The closest comparison of this sumptuous arrangement of 'boxes within a box' is the pair of musical-stone shaped boxes in the collection of the Palace Museum, Beijing. Contained within each of the Palace Museum boxes are four similarly lacquered smaller containers (fig.1); both sets of boxes were included in the exhibition, Views of Antiquity in the Qing Imperial Palace, Macao Museum of Art, 2006, and illustrated in the Catalogue, p. 326, no. 116. A comparable example of this same penta-lobe shaped box enclosing an inner set of two-tiered boxes, but seemingly lacking the compartmental boxes, is illustrated in Gugong Bowuyuan Cang Diaoqi, 'Carved Lacquer in the Collection of the Palace Museum', 1985, no. 298.
The shape of the present boxes with their five lobed sides is often refered to by its Chinese term: meihua xing, in reference to the five-petal prunus flower. It is interesting to note the use of the tianqi (filled in) lacquer technique as it provides an attractive visual contrast to the carved cinnabar lacquer exterior. The tianqi work executed on the interior boxes is comparable to a number of examples dated to the mid-Qing period in the Beijing Palace Museum, illustrated in Zhongguo Qiqi Quanji, Lacquerware, vol. 6, Qing, Fujiang meishu chubanshe, 1993, no. 95, a rectangular box; and a two-tiered box, no. 101.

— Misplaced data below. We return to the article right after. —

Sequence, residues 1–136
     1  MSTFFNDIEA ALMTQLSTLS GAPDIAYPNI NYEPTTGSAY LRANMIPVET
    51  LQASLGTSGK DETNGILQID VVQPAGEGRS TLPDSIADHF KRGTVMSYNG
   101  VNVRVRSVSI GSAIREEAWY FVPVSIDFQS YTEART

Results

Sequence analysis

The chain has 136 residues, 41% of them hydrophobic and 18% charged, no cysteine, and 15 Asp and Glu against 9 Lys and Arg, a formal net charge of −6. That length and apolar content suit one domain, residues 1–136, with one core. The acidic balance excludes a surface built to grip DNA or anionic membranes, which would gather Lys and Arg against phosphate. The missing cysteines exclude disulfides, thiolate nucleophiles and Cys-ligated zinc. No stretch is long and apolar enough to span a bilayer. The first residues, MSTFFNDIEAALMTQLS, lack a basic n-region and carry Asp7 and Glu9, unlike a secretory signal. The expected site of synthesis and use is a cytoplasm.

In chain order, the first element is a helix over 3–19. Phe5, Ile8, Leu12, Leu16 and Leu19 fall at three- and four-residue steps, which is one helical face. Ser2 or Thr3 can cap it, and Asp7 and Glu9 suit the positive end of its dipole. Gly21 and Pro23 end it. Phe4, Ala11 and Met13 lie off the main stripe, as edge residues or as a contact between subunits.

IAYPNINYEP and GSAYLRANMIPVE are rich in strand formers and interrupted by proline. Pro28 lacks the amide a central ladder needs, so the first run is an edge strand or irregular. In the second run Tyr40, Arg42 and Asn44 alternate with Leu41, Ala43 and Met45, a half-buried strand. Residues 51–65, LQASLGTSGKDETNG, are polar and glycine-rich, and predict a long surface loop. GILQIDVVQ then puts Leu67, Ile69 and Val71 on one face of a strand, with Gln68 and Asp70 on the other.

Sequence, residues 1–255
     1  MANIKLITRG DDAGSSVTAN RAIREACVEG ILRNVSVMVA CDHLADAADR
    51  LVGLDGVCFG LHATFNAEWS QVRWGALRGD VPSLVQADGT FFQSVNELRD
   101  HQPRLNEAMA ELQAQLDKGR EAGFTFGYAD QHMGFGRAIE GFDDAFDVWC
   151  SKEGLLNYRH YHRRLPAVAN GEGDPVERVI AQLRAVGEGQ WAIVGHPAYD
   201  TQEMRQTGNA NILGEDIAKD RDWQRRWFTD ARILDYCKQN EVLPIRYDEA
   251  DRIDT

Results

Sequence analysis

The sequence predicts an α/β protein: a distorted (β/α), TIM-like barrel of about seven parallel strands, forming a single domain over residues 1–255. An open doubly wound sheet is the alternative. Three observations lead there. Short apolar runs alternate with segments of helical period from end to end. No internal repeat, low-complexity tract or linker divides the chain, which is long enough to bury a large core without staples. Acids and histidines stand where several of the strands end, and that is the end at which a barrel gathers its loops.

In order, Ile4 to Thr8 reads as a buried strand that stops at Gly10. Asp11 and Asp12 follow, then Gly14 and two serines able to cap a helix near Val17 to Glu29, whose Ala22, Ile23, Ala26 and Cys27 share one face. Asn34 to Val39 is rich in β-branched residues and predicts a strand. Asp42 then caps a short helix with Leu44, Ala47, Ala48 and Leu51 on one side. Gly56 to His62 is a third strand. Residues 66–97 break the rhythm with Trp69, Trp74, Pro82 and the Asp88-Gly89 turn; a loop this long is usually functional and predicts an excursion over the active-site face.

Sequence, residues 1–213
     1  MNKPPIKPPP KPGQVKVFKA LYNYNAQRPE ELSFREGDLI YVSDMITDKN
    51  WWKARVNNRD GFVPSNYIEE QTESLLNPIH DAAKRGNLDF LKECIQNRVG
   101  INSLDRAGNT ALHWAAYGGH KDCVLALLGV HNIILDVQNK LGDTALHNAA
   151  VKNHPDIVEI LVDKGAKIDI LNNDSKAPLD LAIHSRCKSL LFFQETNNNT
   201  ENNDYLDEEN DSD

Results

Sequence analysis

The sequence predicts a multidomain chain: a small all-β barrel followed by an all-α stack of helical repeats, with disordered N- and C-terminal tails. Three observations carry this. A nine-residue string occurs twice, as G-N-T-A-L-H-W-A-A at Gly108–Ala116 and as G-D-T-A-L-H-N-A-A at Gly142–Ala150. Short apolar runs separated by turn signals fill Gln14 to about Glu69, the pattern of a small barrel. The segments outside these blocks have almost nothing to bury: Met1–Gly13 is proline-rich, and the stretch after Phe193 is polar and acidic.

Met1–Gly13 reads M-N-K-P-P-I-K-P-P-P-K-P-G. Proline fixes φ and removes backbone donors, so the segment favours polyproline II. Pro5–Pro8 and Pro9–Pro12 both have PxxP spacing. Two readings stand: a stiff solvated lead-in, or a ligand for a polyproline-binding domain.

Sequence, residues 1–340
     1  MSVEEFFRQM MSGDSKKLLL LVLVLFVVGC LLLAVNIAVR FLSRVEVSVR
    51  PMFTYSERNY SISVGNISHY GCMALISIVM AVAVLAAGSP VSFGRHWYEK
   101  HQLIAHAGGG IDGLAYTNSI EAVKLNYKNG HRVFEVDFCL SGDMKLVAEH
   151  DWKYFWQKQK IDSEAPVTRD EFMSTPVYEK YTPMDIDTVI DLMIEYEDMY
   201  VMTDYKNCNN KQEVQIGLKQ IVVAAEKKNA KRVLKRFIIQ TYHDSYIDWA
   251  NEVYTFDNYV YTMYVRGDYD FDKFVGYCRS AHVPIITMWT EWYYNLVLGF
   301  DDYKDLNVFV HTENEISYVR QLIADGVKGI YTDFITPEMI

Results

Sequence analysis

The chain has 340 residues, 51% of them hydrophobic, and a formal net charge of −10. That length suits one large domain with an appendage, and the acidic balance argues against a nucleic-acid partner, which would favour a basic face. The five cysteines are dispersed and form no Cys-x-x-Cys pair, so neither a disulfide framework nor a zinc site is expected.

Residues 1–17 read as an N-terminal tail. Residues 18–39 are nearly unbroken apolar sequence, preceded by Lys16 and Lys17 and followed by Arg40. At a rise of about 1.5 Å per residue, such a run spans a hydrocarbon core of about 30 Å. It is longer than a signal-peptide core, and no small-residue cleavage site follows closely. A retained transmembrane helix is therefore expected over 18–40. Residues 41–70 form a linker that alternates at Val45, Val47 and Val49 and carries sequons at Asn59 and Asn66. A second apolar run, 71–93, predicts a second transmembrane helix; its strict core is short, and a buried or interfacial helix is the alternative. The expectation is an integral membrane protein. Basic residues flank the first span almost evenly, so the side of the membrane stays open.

See a comparable pair of imperial boxes with two floral-lobed trays decorated with polychrome lacquer executed in the tianqi method sold in Christie's Hong Kong, 30 May 2006, lot 1281. See also a comparable single box sold in Christie's Hong Kong, 28 May 2014, lot 3336.